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What Medications Could Trigger a False Positive Breathalyzer Result?

What Medications Could Trigger A False Positive Breathalyzer Result?

A drunk driving conviction could have a significant impact on your life. In addition to possible jail time and fines, you could lose your driving privileges and face other penalties. But what if you’ve been accused of drunk driving and didn’t do anything wrong? Like all machines, breathalyzers aren’t 100 percent accurate. A false positive could have devastating consequences for your future.

If you’ve been accused of drunk driving, you need help from a Virginia Beach criminal defense lawyer right away. We have a deep understanding of Virginia’s drunk driving laws, so we know how to demonstrate that a breathalyzer test result may have been faulty. With so much at stake, don’t risk the consequences of not hiring an attorney. Get more information on the legal services available at Invictus Law by visiting our contact page or calling our Virginia Beach office.

Medications that May Affect Breathalyzer Tests

Breathalyzers test for the presence of methyl group chemicals, which are compounds similar to the ethanol alcohol found in beer, wine, and liquor. These chemicals generally correlate with someone’s consumption of alcoholic beverages. However, certain methyl group compounds similar to ethanol can show up on a breathalyzer test even if you haven’t been drinking. These compounds can be found in several medications. Those medications include:

  • Asthma medications– The medication found in asthma inhalers tends to linger in the lungs, and these medicines often contain trace amounts of methyl compounds. Albuterol, budesonide, salmeterol, and other medications with different brand names can cause a false positive breathalyzer test.
  • Over-the-counter cold medicines– Certain Vicks products, NyQuil, and other cold and cough medications contain minimal amounts of alcohol, which can skew a breathalyzer test. If you took several cough drops in the hours before a breathalyzer test, that could also skew the result.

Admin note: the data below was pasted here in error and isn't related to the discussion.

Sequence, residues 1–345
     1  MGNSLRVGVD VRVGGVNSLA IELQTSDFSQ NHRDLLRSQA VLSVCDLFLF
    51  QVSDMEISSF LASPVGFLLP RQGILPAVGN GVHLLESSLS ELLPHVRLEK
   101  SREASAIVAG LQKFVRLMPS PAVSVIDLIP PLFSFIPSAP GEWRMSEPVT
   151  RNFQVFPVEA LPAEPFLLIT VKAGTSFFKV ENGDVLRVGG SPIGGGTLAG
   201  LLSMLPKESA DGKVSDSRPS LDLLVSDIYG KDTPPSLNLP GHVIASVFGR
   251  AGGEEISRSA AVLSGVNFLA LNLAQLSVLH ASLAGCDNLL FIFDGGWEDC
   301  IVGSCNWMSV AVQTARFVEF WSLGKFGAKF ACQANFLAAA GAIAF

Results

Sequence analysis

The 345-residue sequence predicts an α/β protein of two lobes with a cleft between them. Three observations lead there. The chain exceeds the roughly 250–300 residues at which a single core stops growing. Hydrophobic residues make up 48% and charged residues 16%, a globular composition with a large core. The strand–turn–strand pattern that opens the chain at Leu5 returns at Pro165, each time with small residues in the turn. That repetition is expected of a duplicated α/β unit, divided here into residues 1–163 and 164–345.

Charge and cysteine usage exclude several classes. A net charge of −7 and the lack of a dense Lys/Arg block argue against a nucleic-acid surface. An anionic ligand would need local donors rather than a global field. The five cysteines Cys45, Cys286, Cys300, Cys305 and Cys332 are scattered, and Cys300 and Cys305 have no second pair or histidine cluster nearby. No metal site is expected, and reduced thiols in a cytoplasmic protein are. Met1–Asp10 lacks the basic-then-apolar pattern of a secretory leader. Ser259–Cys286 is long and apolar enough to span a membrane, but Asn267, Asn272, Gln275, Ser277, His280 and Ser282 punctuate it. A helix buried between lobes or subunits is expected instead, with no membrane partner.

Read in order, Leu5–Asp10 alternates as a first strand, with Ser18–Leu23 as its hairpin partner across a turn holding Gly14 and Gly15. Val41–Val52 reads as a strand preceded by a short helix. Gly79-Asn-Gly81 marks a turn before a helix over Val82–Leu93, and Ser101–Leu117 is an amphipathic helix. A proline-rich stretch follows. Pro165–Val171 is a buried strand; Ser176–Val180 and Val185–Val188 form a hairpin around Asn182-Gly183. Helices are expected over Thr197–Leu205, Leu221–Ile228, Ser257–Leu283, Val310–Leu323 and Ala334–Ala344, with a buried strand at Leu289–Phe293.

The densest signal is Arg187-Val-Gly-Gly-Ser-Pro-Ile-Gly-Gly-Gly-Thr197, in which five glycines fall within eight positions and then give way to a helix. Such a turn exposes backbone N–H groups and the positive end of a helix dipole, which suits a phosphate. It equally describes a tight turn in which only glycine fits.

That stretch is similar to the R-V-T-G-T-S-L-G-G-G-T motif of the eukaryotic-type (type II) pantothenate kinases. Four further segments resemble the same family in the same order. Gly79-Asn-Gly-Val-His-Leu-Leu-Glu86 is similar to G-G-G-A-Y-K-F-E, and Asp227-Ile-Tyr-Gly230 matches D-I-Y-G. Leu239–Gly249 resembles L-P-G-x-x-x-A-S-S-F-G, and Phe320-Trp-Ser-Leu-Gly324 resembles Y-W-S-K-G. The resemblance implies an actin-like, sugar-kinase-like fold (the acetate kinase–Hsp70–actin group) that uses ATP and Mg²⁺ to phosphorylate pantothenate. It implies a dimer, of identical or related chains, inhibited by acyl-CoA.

• Oral gels– These medications are commonly used to treat canker sores and toothaches. Some gels contain Anbesol, an anesthetic that can affect the result of breathalyzer tests.
  • Mouthwash and breath spray– Certain types of oral hygiene products contain alcohol, which can affect the result of a breath test. If you used these products just prior to a breathalyzer test, it’s more likely that the test result will be compromised.

Other Factors that Could Cause a False Positive Result

Medications aren’t the only things that can lead to a false-positive result from a breathalyzer. Other factors that can influence breathalyzer tests include:

  • Paint fumes- Lingering fumes from working around paint in a poorly ventilated area can impact a breath since paint fumes can contain trace amounts of methyl compounds.
  • Ketones- When a person with diabetes has high blood sugar, their body sometimes burns fat for fuel instead of glucose, increasing the ketones in their blood. In turn, these ketones can cause a build-up of acetone in the breath, leading to a false-positive result on a breathalyzer test.
  • Acid reflux- If you suffer from acid reflux, the churning in your stomach can cause trace amounts of alcohol you’ve consumed earlier in the day to rise to your esophagus. This could cause a false positive even if it’s been several hours since your last drink.

How a Virginia Criminal Defense Lawyer Could Help

Breathalyzer tests can be unreliable. If you suspect that’s affected your DUI charge, getting help from a Virginia DUI defense lawyer is essential. We want to help you avoid the consequences of a wrongful DUI conviction. We can examine the machine used to conduct the test and supply other evidence, such as your medical records, to show how the false-positive test occurred. Don’t try to defend yourself with so much at stake. Get help from a legal professional.

It’s important to act quickly if you’re accused of DUI to avoid jail and other penalties. Get a free initial consultation by calling our Virginia Beach office or visiting our contact page.

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